Hurricane Season by Nicole Melleby

outside reading


Dear Fellow Reader,

One of my pet peeves is when someone turns up their nose at a book because it is categorized as “YA” or Young Adult. (According to Wikipedia, Young adult fiction (YA) is a category of fiction written for readers from 12 to 18 years of age. While the genre is targeted to teenagers, approximately half the YA readers are adults. The subject matter and genres of YA correlate with the age and experience of the protagonist.)

There are so many good books that are in the category of YA that I think you are missing out on if you decide that you are going to skip this group of books. Books that come to my mind right away are the following:  The Book Thief, The Hate U Give, and The Fault in our Stars. These were books that I don’t think you should miss just because they are in the YA category.

So, when I am offered a YA book to read, I don’t necessarily turn it down. I think the plots can be interesting and bring a viewpoint that I may not have had as a youth. (or that I may not have now…) When I was asked to read an advanced copy of the book Hurricane Season by Nicole Melleby, I decided that I wanted to see what it was about and how it was written. Technically, the protagonist in the book is 11 so it is not a YA book. In my opinion, it should be at least in the YA category.

51Vh2bxhJGL._SX331_BO1,204,203,200_Hurricane Season tells the story of Fig Arnold. Fig is in 6th grade and is feeling alone. Not only is it easy to feel like the odd man out at that age, but Fig is not part of the popular crowd and she doesn’t have a mother. Fig’s mother left her at the age of 1 day in the hospital. Fig has been totally raised by her father. Her father loves her very much. He was a concert pianist and composer and once played all the top concert halls, but mental illness has taken that career away from him. His illness has them living in a small beach town and her father is drawn to the beach during hurricanes. This is dangerous and scary for Fig. Due to her father’s erratic behavior, (the police picked him up at the beach when a hurricane was about to hit and he came to school to get Fig out of class one day in a panic) their homelife is under the scrutiny of social service.

While living with her erratic father is hard for Fig, the thought of living without him is even worse. She takes on the cares of the world and feels she must keep it all a secret. The writing pulls you into the story and you feel terrible for Fig and you see that she has no idea how she can manage this situation.

As much as she doesn’t want to tell anyone, she finds a friend in one of her classmates who is willing to listen and not be judgmental. She also breaks through her fears and when her father has disappeared during a storm, she asks her new neighbor for help. These two connections help Fig. Through the neighbor’s kindness and intercession, her father starts to get the help he needs. The book does not show it as a magic pill to ease the situation but rather a process that has ups and downs but they start the hard work of getting her father better.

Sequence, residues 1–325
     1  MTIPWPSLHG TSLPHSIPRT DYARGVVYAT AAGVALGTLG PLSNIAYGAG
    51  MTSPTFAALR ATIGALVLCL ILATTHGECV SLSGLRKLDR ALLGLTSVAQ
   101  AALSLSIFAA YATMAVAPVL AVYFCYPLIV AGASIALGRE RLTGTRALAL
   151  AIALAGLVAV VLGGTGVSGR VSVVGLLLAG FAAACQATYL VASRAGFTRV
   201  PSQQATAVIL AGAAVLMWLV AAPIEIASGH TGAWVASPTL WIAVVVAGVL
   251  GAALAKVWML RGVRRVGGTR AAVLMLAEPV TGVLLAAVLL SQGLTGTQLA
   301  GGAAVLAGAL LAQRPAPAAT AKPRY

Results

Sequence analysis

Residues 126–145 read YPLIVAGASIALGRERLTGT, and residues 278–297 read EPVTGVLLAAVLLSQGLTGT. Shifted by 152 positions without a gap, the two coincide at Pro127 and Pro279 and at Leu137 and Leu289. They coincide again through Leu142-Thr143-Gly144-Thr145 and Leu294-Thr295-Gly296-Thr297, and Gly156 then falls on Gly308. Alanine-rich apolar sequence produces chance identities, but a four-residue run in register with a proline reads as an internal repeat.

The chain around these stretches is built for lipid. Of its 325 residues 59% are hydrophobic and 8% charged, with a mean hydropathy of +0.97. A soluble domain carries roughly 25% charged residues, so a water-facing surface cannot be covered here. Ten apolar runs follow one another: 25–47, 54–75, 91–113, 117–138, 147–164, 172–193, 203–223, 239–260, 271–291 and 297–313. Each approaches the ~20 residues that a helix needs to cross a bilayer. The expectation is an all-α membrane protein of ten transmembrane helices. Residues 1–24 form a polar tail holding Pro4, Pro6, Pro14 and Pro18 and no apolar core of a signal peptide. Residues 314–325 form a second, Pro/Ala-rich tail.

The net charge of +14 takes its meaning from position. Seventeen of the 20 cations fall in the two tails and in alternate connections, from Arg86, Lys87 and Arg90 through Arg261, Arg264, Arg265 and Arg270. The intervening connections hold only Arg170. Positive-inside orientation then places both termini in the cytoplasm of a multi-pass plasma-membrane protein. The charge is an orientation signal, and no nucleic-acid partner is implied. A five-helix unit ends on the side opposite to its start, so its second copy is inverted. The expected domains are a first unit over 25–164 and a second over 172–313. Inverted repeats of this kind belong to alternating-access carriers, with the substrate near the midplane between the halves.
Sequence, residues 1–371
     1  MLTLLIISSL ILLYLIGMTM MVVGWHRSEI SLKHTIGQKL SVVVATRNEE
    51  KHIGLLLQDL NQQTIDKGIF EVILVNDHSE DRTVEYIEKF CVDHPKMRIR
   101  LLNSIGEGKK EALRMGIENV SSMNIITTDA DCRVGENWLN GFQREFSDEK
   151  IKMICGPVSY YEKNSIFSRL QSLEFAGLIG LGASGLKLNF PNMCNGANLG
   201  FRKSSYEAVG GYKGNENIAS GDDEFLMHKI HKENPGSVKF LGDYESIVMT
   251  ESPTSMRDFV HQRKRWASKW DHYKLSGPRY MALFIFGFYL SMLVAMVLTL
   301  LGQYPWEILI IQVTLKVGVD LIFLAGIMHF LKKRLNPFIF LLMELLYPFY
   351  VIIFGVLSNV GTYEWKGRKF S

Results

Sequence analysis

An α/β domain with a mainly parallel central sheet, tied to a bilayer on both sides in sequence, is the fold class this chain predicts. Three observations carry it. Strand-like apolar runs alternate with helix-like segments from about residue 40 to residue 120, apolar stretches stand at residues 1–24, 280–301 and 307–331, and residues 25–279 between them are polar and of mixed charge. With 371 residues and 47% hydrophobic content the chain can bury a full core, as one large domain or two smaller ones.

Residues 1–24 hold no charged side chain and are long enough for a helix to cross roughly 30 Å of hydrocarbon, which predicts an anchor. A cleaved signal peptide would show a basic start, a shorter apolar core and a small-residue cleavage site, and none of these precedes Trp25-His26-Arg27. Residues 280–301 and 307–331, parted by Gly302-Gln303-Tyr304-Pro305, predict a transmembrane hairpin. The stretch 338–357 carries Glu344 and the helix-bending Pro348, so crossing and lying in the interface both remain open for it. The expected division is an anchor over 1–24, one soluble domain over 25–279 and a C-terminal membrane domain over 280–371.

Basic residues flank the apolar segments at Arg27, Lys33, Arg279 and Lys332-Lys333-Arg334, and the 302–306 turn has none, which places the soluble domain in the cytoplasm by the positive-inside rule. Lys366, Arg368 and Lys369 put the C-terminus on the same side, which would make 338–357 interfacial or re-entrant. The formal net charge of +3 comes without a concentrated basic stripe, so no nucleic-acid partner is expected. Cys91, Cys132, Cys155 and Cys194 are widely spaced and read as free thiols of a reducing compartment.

As a reader, you are drawn in and want to help Fig. She is trying so hard, but she is just a little girl. She is living a life that is way beyond what she should need to cope with at her age. You want to see that it will work out for her. There is no magic solution at the end but there is hope and love. Fig’s father loves her and doesn’t mean to do anything to hurt her or embarrass her. She knows this and she loves him despite being mad and frustrated sometimes.

This book has stayed with me in the last month or so since I read it. Now, there are a couple things about the book that I did question. The first thing is that Fig develops feelings for the cute high school girl who works at the library. I know that I am not in any way knowledgeable about such things, but I am always a bit taken back when an 11-year-old has sexual feelings. I’m not sure I knew anything about sex when I was that age. I understand that it can happen and that I may not be the norm. (But you always think that you are the norm, don’t you?) So, it was one thing for her to think about the girl but then she told her father about the attraction and she told the object of the attraction. Once again, I wondered if that would happen. Just because I would think that these feelings would be new to Fig and since she spends her life hiding things that she might not be as free to speak. And then she was rejected by the girl (nicely but still rejected) which didn’t see to phase her very much but that actually might be in keeping with an 11-year-old. Especially an 11-year-old with bigger fish to fry. I don’t know. I thought that it didn’t add to the story – it was a bit of a blip for me. The first place in the book where I kind of had the feeling of “what?”.

I think it is a story worth reading. I am glad that I did.

Thanks for reading!

About Carol Early Cooney

I love to read. I love to share my thoughts on books and hope to hear what you think also. Looking to see what books I read beyond those I write about? Check out my Goodreads!
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